However we do know that this is a representation of the four holy martyrs of Girona, venerated in the famous shrine of Sant Marti Vell, the very man who was so dear to the heart of Salvador Dali. Their names are respectively, Saint Germain/Germà, Saint Paulin/Pauli, Saint Just and Saint Scice/Sici. There is very little verifiable evidence concerning them nor exact details on the dates of their deaths, but we do know that they were amongst those who were sentenced in the crackdown ordered by the Roman Emperor Diocletian between 297 and 304 AD. We need to add that it remains doubtful whether these four saints had truly suffered martyrdom because of their strict commitment to Christianity. In those days it was normal for the Roman administration to distinguish between ordinary Christians, civilians, being careful to respect the institutions and the imperial power who resided mainly in the large urban areas (Alexandria, Antioch, Constantinople, Rome, Athens) and false Christians, that is to say, the Arians... rebels who located themselves away from cities, in the deserts or in mountainous areas suitably harsh for their asceticism..... Girona fitted the bill nicely. Furthermore, it was the Arian Manicheans and not the Christians who had been explicitly condemned in the Diocletian Edict published in Alexandria in 297. This Edict proclaimed the death penalty for all those citizens who professed Manichaeism, who were all therefor Persian spies, traitors and enemies of the Empire, or of its institutions. Thus we must keep an open mind on the fact that the martyrdom of these four saints, whose deaths were dated somewhere between 297 and 304, may be attributed to several causes, from the most honorable to the darkest... which was the accusation of Manichaeism.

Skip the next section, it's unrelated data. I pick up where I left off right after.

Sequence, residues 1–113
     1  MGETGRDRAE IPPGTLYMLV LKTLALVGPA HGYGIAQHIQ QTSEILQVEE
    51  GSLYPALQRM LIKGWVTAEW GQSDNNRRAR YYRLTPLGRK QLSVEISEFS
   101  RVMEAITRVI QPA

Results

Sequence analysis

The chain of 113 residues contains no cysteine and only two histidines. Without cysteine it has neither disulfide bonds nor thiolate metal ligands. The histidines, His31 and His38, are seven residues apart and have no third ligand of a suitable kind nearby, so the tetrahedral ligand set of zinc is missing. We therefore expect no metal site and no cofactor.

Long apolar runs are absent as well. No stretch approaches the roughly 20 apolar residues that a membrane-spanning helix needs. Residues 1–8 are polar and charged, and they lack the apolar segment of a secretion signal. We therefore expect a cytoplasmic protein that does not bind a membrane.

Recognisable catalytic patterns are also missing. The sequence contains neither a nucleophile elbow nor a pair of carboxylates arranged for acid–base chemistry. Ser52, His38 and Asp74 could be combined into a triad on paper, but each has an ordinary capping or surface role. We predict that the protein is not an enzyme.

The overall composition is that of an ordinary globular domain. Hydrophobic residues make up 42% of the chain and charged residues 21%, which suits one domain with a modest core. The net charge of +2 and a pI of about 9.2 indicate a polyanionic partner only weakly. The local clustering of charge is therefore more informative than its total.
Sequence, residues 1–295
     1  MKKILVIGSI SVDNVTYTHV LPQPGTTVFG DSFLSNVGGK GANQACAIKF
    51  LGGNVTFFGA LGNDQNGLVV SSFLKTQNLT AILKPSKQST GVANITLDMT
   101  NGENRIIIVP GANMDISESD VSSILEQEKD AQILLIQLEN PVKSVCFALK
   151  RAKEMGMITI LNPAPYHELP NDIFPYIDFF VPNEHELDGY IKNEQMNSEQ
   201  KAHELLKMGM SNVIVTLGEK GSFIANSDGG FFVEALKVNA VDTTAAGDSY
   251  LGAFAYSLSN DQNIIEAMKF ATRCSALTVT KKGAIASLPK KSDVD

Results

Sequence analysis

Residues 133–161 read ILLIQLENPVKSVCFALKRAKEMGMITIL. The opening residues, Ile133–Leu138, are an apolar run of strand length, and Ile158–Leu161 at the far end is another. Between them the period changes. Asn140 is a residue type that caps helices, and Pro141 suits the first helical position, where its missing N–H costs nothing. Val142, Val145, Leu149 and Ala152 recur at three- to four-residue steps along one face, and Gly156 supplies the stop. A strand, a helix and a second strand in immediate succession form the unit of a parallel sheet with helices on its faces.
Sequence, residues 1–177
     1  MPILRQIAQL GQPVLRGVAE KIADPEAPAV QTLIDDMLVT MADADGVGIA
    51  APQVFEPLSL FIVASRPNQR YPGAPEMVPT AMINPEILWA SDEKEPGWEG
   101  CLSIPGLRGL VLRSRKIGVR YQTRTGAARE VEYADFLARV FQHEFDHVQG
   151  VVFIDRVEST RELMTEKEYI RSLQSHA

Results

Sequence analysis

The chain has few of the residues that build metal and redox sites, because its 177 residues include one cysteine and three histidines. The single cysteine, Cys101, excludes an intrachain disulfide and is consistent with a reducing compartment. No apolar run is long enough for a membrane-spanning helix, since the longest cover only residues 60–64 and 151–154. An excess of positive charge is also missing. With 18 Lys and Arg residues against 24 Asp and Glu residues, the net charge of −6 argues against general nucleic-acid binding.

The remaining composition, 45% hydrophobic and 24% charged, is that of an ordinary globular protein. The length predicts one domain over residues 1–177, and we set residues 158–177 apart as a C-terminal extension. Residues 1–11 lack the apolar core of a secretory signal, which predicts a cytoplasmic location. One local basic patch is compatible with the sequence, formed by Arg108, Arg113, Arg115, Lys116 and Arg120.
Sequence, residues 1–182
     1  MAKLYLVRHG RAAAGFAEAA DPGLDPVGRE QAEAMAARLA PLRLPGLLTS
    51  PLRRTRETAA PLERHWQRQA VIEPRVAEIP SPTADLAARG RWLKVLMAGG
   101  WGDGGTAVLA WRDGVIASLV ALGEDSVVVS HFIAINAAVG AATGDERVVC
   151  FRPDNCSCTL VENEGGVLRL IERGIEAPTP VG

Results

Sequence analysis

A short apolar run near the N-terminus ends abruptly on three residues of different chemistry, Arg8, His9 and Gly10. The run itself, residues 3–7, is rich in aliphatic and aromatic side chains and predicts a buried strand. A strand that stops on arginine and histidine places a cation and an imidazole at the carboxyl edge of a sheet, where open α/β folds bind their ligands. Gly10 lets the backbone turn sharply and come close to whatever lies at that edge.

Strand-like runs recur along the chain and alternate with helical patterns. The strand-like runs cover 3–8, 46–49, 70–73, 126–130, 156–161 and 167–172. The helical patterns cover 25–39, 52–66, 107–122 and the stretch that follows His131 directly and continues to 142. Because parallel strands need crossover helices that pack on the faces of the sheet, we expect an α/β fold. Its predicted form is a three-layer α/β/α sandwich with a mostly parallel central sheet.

St Feliu Church, Girona
Onyar River, Girona
'The Martyrdom of Saint Afra'
After Paolo Caliari, il Veronese
'Saint Afra', c. 1535-1540
by the Master of Messkirch